First Corinthians 13:4-7 – Love is patient, love is kind, it isn’t jealous, it doesn’t brag, it isn’t arrogant, it isn’t rude, it doesn’t seek its own advantage, it isn’t irritable, it doesn’t keep a record of complaints, it isn’t happy with injustice, but it is happy with the truth. Love puts up with all things, trusts in all things, hopes for all things, endures all things.
The most important core value of the Christian faith is love. Love involves commitment and concern for the well-being of everything and everyone to which we are attached. To what are we attached then? Some people say that our connection extends to the entire universe and everything in it. We are reminded in the Christian community on Ash Wednesday that we were made from dust, and it is to dust that we shall return. In the scientific community there is a more technical word for dust – that word is carbon. Science has revealed carbon to be the fourth most abundant element in the universe, and the building block for all of life on earth. Carbon circulates through the land, the ocean, and the atmosphere, and it attaches every single thing in existence. This attachment is evidenced throughout the Bible, but nowhere more so than in Psalm 148 where community is universal and God is praised by the animate and the inanimate alike.
But without love, our universal community is chaotic; because it is love that leads to the unity and the well-being of all that is attached. As Mother Teresa once said: “If we have no peace, it is because we have forgotten that we belong to each other.” When we forget that we belong to each other, we forget how to love; and when we forget how to love, we come apart. Paul once gave a very elegant and concise guide on how to love, yet even the church is filled with division and conflict and many of us are wondering, where is the love?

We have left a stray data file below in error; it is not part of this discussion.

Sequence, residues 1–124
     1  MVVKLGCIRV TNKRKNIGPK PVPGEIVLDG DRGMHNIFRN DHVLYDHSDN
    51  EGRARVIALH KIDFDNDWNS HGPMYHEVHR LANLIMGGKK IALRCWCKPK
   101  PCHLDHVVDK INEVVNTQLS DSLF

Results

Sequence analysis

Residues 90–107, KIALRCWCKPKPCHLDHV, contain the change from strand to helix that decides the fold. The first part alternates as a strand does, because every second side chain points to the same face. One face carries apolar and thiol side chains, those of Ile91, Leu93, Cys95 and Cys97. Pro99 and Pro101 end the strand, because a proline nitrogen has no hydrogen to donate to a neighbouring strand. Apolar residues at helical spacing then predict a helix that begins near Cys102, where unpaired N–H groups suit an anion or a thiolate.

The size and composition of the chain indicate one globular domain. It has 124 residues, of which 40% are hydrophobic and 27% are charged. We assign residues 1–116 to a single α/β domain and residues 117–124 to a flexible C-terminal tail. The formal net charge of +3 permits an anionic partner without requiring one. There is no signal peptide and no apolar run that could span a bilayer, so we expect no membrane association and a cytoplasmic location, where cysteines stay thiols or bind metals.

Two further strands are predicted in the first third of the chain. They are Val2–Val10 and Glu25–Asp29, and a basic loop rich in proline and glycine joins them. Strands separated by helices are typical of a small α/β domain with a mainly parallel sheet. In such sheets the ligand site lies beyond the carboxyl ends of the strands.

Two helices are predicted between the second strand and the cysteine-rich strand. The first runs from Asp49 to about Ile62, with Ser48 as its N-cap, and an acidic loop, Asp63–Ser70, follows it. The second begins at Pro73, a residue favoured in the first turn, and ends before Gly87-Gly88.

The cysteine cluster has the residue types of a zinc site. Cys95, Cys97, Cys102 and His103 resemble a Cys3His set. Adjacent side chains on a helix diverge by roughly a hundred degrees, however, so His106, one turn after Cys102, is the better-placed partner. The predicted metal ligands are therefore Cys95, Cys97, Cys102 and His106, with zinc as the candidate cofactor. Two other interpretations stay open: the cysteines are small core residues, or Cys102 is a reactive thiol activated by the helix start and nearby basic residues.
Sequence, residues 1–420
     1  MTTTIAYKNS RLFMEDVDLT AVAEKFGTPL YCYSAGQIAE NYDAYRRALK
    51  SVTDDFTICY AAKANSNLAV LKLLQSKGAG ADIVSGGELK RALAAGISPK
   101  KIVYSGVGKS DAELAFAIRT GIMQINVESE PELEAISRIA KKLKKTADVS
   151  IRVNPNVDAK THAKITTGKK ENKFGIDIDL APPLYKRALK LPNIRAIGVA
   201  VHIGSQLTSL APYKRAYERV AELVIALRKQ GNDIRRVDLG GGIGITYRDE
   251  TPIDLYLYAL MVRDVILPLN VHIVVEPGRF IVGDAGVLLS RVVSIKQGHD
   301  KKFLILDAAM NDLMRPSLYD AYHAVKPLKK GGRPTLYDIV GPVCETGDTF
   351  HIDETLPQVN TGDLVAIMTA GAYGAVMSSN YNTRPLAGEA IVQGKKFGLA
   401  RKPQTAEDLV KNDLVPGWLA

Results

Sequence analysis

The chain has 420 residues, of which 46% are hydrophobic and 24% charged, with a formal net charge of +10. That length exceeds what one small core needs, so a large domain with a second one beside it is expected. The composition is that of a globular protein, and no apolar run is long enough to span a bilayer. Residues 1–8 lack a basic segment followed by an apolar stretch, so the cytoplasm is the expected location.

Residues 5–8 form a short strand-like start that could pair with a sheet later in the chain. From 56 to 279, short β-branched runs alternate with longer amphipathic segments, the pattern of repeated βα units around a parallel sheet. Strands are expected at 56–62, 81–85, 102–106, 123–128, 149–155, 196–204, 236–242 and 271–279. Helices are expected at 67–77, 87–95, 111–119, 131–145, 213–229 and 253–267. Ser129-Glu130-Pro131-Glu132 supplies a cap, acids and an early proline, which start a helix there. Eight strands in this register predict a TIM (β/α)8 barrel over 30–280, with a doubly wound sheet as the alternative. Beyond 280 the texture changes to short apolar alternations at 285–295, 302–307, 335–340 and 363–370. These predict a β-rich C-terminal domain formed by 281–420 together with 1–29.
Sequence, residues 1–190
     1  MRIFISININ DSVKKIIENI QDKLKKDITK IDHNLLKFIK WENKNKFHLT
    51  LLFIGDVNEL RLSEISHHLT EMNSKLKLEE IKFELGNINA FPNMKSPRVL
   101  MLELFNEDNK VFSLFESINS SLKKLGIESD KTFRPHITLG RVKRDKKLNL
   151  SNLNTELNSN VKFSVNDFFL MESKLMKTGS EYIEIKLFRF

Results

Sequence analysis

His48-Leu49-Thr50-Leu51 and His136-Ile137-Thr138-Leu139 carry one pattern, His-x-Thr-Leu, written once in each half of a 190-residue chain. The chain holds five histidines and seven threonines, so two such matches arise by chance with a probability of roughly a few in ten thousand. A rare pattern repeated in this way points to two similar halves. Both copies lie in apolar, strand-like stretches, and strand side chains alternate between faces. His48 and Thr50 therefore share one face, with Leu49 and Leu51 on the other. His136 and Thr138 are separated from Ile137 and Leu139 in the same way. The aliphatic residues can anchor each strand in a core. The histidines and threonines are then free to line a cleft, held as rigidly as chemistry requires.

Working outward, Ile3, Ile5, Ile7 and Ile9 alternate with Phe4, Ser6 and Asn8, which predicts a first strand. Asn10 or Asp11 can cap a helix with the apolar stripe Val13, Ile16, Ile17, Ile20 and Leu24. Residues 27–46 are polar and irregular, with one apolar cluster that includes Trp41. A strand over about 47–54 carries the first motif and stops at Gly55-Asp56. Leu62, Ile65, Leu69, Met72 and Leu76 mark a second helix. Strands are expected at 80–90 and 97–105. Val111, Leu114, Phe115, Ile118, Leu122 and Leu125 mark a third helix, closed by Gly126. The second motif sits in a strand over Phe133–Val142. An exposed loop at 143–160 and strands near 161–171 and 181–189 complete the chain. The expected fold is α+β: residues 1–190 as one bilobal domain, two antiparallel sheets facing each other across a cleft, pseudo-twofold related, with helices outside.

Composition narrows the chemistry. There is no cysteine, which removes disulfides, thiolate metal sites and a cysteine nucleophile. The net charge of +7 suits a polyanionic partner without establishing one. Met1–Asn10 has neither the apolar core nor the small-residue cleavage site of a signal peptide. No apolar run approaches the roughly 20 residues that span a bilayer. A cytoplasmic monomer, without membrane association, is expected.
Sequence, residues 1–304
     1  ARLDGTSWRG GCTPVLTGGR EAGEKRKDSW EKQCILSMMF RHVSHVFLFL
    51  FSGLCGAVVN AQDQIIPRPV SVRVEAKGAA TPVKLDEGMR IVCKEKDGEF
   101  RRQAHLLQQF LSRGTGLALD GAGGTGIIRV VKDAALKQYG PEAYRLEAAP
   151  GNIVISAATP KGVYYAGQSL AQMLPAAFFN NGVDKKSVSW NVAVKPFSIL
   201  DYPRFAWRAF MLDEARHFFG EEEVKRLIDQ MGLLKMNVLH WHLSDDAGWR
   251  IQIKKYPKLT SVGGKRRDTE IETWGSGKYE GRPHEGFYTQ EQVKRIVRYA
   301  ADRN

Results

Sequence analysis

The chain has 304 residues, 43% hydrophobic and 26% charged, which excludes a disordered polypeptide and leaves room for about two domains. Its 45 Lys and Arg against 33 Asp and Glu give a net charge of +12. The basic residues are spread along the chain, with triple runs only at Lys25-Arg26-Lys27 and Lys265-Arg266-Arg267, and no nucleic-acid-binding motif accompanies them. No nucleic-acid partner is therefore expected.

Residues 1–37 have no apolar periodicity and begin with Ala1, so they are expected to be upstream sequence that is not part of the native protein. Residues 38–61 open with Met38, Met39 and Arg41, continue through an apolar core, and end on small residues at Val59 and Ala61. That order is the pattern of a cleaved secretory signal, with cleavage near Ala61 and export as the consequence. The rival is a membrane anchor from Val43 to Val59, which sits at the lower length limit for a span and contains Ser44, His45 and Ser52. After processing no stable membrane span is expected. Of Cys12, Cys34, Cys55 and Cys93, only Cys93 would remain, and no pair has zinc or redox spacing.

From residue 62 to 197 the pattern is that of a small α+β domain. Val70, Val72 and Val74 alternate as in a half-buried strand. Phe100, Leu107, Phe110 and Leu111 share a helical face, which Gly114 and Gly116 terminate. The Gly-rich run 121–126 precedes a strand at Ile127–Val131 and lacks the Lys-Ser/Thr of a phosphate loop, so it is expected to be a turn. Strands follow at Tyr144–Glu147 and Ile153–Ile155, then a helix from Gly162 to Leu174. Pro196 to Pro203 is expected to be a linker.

It would seem then that the most important mission of the church is to embody love so that we might return to wholeness and unity. When we are out of love we are no longer committed to and concerned for the well-being of our attachment. But when we return to the basics of love we begin to reintegrate, first inwardly, and then outwardly to everyone and everything around us. Where is the love? It is within all of us, and it begins with me. When I practice patience and kindness, I practice love. When I say no to my own jealousies; when I stop myself from bragging; when I quit with the arrogance already, I am seeking the path of love. Love is not rude, so I pay attention to what I am doing and I do not cut someone off on the interstate, or in conversation. I don’t seek to promote myself or become cranky when I am not receiving the recognition I feel that I deserve. I don’t keep score of who has wronged me but instead I practice forgiveness. I am truthful, and I put up with, trust, hope for, and endure all things because I am in love with God and God’s creation; and I don’t want to see it come apart. I am part of the church; and the mission of love is my mission. We do it together, but if I wish for a return to love then it begins with me.